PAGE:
The Shining Dark Truth


Courtesy of NASA

Given our inevitable final state, a bad experience can steal nothing from us. In evil or calamity we feel no overall loss; it is rather only those fleeting delights that have the power to tip the balance of our overall existence.

Those who follow this blog with any frequency will note this post appears more “romantic,” more “imaginative” than academic. I try to be original [is that even possible?] by venturing into concepts that no other thinker I’ve come across has created or considered.

So what does the above mean?

Ultimately I’m talking about value. Therefore, by definition, this is a work in aesthetics — my first ever :] I’m concerned here with the most important value of all: the value of life. The value of an individual life. Far be it from me to write, “the value of your life” — I’m not able to assess that. Yet maybe these thoughts are a helpful addition to the way you assess your life’s significance.

Many people take death as their starting point for meaning (and value) of life. The reasoning goes, if we know what death of an individual entails — whether there is something beyond death, for example — then we can reasonably gauge the value of our life in relation to that understanding. If death is the ultimate end and there is no eternal soul, then it is reasonable to live a life that bases its sole value in the depth of experience to be had while alive on Earth.

As an aside, I have to give credit to a mini series that altered my young teenage mind where I heard the following lines from the movie based off of Dean Koontz’s book by the same name, Intensity:

“People don’t realize just how happy they could be if they could just understand that the value of any experience isn’t in its positive or its negative effect … the value of any experience is in the intensity of the charge that you get from it … Any fool can just take his nose and stick it in a rose and enjoy the smell — but what if you allowed yourself to get just as much pleasure from the thorns?”

Where most typically favor the pleasant over the painful, such amounts to an intellectually arousing shift of good/bad value assessment. I support this notion insofar as it encourages at least a respect for the less-appealing facets of life, such as depression, loss, and pain (“Parting is such sweet sorrow.”).

But let’s take the entirety of an individual’s life based on the reasonable assumption that it will die, that in the end your Self dissolves into nothing. Without consideration of afterlife possibilities — for this would be a far too long metaphysical text — it seems reasonable to state that overall we can lose nothing if nothingness is our ultimate end.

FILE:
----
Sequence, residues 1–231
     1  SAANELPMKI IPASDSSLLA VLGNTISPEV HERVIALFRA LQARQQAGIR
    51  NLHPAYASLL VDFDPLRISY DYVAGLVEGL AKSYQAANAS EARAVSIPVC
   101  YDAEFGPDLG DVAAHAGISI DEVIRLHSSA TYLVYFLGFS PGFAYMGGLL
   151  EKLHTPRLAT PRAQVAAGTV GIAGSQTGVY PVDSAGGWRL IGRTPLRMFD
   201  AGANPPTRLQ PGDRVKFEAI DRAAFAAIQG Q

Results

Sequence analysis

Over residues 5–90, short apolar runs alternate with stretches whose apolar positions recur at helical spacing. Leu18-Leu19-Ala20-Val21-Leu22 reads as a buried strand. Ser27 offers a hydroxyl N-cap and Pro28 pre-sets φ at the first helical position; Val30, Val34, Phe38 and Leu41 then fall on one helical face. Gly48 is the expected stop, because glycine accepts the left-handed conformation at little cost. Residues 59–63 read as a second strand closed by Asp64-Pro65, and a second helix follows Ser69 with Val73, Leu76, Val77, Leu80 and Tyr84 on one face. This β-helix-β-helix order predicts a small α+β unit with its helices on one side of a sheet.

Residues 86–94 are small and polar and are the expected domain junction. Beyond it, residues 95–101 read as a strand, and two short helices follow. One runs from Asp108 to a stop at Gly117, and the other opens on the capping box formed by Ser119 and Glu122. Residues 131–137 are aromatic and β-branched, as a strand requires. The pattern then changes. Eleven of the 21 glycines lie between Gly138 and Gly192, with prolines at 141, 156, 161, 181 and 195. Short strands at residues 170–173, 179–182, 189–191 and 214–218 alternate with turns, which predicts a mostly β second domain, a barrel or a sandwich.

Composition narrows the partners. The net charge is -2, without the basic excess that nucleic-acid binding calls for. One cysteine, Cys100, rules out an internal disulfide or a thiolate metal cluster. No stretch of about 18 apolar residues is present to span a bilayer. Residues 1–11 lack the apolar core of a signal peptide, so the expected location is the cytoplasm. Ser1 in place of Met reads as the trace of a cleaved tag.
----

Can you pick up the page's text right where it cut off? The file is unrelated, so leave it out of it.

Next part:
Think about it: how much can you subtract from zero? Actually, an infinite amount of things! A burned-down home, a lost friend or family member, that ever-dwindling paycheck each teem with an immediate sting of loss — but how much can you lose overall in a life where you entered with and will leave with nothing?

Zero minus anything is always zero; the number remains the same. But add even only one positive value to zero — to our nothingness — and we have added value. That single aromatic rose has delighted the senses, tipped the scales of our overall experience towards something of greater value than nothing.

Ah, but you say even that sweet smell shall too be carried away by the tides of time. This is true. So you might be tempted to think joys too are meaningless. But who ever, panged with hunger, claimed to have regretted his meal? Who, having eaten, digested, and expelled a meal was ever mournful that it was a pointless and unsatisfactory effort? The meal comes and goes and is no more, but she sure was enjoyed while she lasted.

Life’s pleasure is like a solar eclipse. We run out to enjoy this fleeting phenomenon — what human who had the time to enjoy an eclipse would turn away? And that is like the whole of an individual’s life doomed to self destruction: a series of retreating and returning joys that briefly eclipse our larger looming death.

This is no cause for alarm. It is a call to enjoy life before it’s gone.

I think.